For as long as I can remember, I have been a sorter. Ever since the days of my youth, I have found immense comfort in the active organization of various items in my possession. You name it, I sorted it: Hot Wheels (by make and model), Lego’s (by shape and color), baseball cards (initially by team as a kid and then numerically as an adult), and comic books (by title and issue number). I would spend hour upon hour on the floor of my bedroom productively and contentedly ordering and reordering my stuff. I was a man on a mission and I loved every second of it.
Until last night.
Before I get into it, though, allow me to provide you with a few important details germane to the situation. We moved to San Carlos last month. The new house is slowly starting to feel more like home with each passing day as essential household items migrate to their permanent spots and the seemingly endless stacks of moving boxes continue to be emptied of their contents. Just yesterday, we had a few new pieces of furniture delivered to our house from a place called Hoot Judkins. (I totally want that giant rocking chair in front of their store, btw). Of those items, one of them is a cd organizer/bookcase thingee and I could tell by the way it just stood there along the wall with an abundance of empty shelving longing to be filled that I knew right away that my plans for the evening of sitting on my ass doing nothing were about to be preempted by my personal national pastime of sorting and organizing my behemoth cd music collection.
Unfortunately, the excitement and glee of the prospect of spending my evening putting my cds on the shelves alphabetically was extremely short-lived. One of the “benefits” of ALS that I have experienced thus far is a diminished use of the fine motor skills in my fingers and hands. As it relates to the task before me, I have a difficult time handling the cd cases; my fingers don’t have the strength and muscle control and finesse to do the job as quickly and as efficiently as I have done it in the past. And to make matters worse, because I wasn’t the one who packed them into the five large boxes sitting on my office floor, I quickly discovered the alphabetical order they were in before the move was replaced by utter randomness. Grrrrrr.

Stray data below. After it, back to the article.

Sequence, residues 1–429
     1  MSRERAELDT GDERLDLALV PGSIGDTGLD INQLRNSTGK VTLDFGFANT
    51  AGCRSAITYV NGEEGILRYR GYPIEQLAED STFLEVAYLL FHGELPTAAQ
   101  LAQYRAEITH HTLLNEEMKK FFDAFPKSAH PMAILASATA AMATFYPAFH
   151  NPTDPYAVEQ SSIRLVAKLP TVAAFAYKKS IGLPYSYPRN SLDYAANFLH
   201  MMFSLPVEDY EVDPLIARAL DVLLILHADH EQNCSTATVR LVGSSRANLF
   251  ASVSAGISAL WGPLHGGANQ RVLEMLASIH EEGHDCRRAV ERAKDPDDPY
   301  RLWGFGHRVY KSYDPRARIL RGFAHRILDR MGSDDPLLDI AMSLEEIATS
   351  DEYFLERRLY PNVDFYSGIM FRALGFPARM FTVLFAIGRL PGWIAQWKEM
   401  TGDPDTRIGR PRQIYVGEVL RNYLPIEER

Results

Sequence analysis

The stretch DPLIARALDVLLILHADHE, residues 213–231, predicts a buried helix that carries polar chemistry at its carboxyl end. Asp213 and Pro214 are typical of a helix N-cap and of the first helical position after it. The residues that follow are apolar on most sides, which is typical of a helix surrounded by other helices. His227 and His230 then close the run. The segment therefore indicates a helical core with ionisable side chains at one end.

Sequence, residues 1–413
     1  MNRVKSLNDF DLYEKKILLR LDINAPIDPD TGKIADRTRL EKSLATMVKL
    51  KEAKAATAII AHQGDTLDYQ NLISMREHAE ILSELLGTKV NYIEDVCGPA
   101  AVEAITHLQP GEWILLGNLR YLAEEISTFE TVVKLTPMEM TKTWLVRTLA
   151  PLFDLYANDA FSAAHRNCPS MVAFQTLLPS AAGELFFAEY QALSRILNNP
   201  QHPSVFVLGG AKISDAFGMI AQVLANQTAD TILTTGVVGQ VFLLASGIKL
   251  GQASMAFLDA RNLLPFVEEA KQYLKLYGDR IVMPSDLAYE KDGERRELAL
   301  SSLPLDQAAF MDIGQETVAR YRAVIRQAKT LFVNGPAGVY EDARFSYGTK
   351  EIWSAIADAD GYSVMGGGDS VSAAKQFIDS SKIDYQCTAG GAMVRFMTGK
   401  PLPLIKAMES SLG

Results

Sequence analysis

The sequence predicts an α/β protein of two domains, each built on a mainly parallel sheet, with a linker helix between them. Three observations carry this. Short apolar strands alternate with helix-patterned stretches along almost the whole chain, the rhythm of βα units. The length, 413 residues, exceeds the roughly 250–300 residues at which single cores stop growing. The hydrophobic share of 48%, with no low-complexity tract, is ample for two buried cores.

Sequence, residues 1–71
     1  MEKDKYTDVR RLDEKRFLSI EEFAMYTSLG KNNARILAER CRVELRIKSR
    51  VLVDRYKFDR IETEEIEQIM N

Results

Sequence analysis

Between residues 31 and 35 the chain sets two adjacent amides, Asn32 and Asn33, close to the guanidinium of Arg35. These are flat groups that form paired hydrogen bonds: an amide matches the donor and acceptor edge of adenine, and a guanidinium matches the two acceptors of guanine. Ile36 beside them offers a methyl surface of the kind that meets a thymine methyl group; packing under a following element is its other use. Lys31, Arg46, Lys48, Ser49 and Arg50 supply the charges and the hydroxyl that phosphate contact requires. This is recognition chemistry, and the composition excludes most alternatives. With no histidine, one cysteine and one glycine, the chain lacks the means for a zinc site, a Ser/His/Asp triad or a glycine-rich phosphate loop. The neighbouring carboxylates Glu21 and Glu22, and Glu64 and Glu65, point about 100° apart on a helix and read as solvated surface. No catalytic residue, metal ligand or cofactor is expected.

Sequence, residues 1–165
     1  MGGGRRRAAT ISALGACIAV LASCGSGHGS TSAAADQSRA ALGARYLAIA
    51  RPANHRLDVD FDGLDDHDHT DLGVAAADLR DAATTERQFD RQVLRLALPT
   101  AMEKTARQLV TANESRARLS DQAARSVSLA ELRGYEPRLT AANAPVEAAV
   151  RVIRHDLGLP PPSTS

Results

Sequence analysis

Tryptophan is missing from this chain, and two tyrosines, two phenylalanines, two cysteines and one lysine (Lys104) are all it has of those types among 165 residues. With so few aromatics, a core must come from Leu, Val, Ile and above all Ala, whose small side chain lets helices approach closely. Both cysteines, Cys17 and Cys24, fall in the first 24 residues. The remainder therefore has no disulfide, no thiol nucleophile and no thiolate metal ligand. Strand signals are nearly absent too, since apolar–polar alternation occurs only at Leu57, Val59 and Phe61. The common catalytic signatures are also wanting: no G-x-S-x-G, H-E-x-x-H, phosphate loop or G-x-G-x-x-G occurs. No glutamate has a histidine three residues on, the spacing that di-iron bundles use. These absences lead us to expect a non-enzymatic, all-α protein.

As my Dad gallantly tried to help me remove the jewel cases from the boxes AND alphabetize them at the same time, it became quite clear rather quickly that this was going to take forever doing it the way we were doing it. Throwing more fuel on the rapidly escalating, nearly out of control fire in my mind was the other “benefit” of my ALS, you know, the speech part. I’ve noticed that when I get stressed out, my voice gets even harder to understand, and since Fehmeen is the only person on the planet (so far, Emma) with a Ph D in ALS Boy Mumblese, and she was (wisely) occupied in the other room, my poor Dad had to deal with me trying desperately to communicate my ever-changing plan for getting these damn cds organized.
In the end, I asked him to kindly remove the cds cases from the cardboard boxes and place them on my desk. From there, I would take all the artists that began with the letter A and make a stack of them. I would do the exact same thing for the other twenty-four letters of the alphabet (I made the executive decision to combine letters P and Q). Even though the going was slow, I quickly (relative term) found my groove.
Sixty minutes later, I had twenty-five cd towers spread out across my desktop and just as I was about to actually alphabetize the A’s, Fehmeen came in and asked if I would like some desert. Of course I said yes and I abandoned my efforts for the night in favor of a slice of apple crisp and a scoop of vanilla ice cream and a chance to catch the latest episode of The Hills on DVR. I will tackle the final sorting and shelf-placing this afternoon. I’m actually looking forward to it now.
Fun Fact #1: Of the twenty-five cd towers on my desk, the stacks that are the highest are the letters B, G, and S.
Fun Fact #2: In my collection, Tom Waits has his own stack.